One evening, we decided to go to watch a match between Bidvest Wits and Mamalodi Sundowns at Bidvest Stadium at the University of Witswaterand on the outskirts of Jo’burg. It was awesome to go support Ryan and his teammates, and get a closer look at the level of South African soccer. We weren’t disappointed by what we saw on the pitch. The game was fast-paced and aggressive, boasting lots of skills all over the pitch irrespective of whether players were defending or attacking. The biggest thing I saw was how physically imposing some players are. It would be interesting to see how players in MLS would fare against teams in the South African PSL. I’d love to be on the field when that happens. In addition, we got to witness the Soweto Derby between Kaizer Chiefs and Orlando Pirates at Soccer City. The Kaizer Chiefs and Orlando Pirates are the two biggest clubs in the country and Soccer City, the venue for the last World Cup final, provided the perfect atmosphere for the match. Both teams battled it out to a 1-1 draw in front of 88,000 supporters. It gave me a taste of what a true derby means to countries around the world. For all the intensity on the pitch, and the fierce tradition between the fans, there was noticeably peaceful interaction and embracing amongst everybody there afterwards. It seemed like everybody in attendance was thrilled to have witnessed another wonderful spectacle on the field.

When I got to Johannesburg, I went with the mindset that most people from a first world country would come with; I came thinking I was going to help “fix” people’s lives in South Africa. What happened over the course of 11 days was that I found how I was the one being really affected by the people I encountered. I got to hear many powerful stories and even share my own. To be truly known is something we all fear but there is freedom in it. I became known on this adventure. I wasn’t expecting to do so but I got the chance to share my story; my journey of not only how I got to South Africa, but more importantly the journey of my life thus far. I am forever grateful for being able to go on this trip. The people of South Africa showed me a selflessness that can only be dreamed of here in the States. They had contentment with everyday life and some of the most beautiful smiles I’ve ever seen to back it up. Even though I may not be able to see the impact our presence in South Africa has had since the time that has passed, I can tell you that this journey has taught me something special. There is great purpose in each day. Enjoy it! And enjoy it I did!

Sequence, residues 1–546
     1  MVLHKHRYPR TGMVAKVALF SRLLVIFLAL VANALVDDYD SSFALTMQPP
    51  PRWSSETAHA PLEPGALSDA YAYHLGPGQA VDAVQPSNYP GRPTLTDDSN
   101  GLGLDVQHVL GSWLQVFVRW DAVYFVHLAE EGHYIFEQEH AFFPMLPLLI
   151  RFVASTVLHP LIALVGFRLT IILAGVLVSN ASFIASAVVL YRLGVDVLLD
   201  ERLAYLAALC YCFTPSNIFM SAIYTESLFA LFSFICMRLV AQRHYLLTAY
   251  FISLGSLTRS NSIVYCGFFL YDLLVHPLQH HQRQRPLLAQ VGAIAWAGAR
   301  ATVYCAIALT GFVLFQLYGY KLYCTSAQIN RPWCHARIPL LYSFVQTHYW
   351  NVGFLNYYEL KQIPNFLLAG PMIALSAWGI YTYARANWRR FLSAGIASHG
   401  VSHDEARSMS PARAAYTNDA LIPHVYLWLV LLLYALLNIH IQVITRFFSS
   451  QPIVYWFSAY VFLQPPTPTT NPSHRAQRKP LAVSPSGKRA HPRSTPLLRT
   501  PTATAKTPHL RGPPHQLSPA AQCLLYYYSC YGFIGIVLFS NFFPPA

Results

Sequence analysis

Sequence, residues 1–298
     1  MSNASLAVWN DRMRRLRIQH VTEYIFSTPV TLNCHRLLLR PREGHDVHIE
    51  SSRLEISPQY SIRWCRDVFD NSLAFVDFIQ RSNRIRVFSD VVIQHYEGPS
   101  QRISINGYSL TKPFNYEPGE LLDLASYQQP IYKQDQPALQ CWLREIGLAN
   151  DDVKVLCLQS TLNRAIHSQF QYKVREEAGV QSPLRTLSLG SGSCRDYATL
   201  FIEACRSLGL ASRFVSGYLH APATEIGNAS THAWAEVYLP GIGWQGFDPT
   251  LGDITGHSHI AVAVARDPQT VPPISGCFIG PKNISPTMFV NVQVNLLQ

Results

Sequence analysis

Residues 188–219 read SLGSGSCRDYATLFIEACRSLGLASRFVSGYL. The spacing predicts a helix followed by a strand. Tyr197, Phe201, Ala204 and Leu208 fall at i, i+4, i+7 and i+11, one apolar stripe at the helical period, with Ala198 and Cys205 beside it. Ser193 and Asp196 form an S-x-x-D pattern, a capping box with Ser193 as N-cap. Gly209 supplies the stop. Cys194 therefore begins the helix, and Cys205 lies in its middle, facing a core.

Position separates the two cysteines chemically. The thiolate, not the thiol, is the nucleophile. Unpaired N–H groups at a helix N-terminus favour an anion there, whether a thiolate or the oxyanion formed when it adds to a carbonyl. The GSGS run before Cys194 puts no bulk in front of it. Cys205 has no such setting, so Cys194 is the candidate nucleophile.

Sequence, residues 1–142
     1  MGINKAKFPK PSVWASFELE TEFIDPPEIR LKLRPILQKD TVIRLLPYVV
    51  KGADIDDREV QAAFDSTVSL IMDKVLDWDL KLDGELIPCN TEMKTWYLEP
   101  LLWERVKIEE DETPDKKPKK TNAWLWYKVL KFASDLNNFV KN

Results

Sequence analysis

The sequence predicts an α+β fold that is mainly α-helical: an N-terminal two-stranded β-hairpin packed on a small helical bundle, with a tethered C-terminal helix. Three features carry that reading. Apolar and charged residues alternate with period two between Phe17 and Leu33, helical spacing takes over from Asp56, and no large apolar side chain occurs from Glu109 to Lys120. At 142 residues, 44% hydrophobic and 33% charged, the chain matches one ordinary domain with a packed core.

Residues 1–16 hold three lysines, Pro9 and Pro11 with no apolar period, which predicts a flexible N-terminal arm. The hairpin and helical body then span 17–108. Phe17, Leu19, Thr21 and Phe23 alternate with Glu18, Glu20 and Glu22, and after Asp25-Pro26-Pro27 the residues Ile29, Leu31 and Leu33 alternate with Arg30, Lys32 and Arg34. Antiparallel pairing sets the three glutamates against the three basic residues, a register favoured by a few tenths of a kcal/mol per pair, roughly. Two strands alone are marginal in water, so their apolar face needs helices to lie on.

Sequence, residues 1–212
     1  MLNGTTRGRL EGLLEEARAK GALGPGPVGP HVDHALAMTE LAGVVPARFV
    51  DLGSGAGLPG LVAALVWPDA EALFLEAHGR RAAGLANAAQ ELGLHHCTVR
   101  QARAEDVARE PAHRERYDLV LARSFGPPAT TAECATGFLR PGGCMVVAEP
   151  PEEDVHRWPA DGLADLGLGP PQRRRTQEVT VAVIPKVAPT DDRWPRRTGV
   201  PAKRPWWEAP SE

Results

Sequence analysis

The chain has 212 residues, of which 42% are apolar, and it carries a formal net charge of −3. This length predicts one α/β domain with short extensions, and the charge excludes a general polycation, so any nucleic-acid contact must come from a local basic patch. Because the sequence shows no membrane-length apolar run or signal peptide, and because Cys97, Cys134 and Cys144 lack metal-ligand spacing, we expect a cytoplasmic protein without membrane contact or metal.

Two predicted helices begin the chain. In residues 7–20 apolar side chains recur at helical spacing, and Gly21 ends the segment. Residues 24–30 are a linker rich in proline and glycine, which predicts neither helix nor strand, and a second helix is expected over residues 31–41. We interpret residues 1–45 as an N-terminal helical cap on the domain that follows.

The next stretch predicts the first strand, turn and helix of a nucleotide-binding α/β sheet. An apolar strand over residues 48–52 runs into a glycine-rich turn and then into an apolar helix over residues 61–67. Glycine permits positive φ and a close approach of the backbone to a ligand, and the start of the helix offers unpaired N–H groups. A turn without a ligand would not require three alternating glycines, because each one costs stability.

Follow Mike:

2 Comments on "MLS’ Michael Lahoud: From Philly to South Africa"

Trackback | Comments RSS Feed

  1. In my experience, the missionary is the one most impacted and changed forever. We are but vessels being shaped by God every day, the situations you put yourself in will impact your entire life. Many future blessings to you Mike, I know they will be bountiful,

    Your friend,

    Aaron

  2. Rick says:

    Great story. When I went to Africa (Kenya) a couple years back, I met a lot of people there doing missionary work. Coming from the west, Africa was a truly unbelievable experience. I had a great time and was there for a full month. Would love to go to S. A. and have that experience as well. Looking forward to going back to Kenya again some day considering my wife is from there.

Post a Comment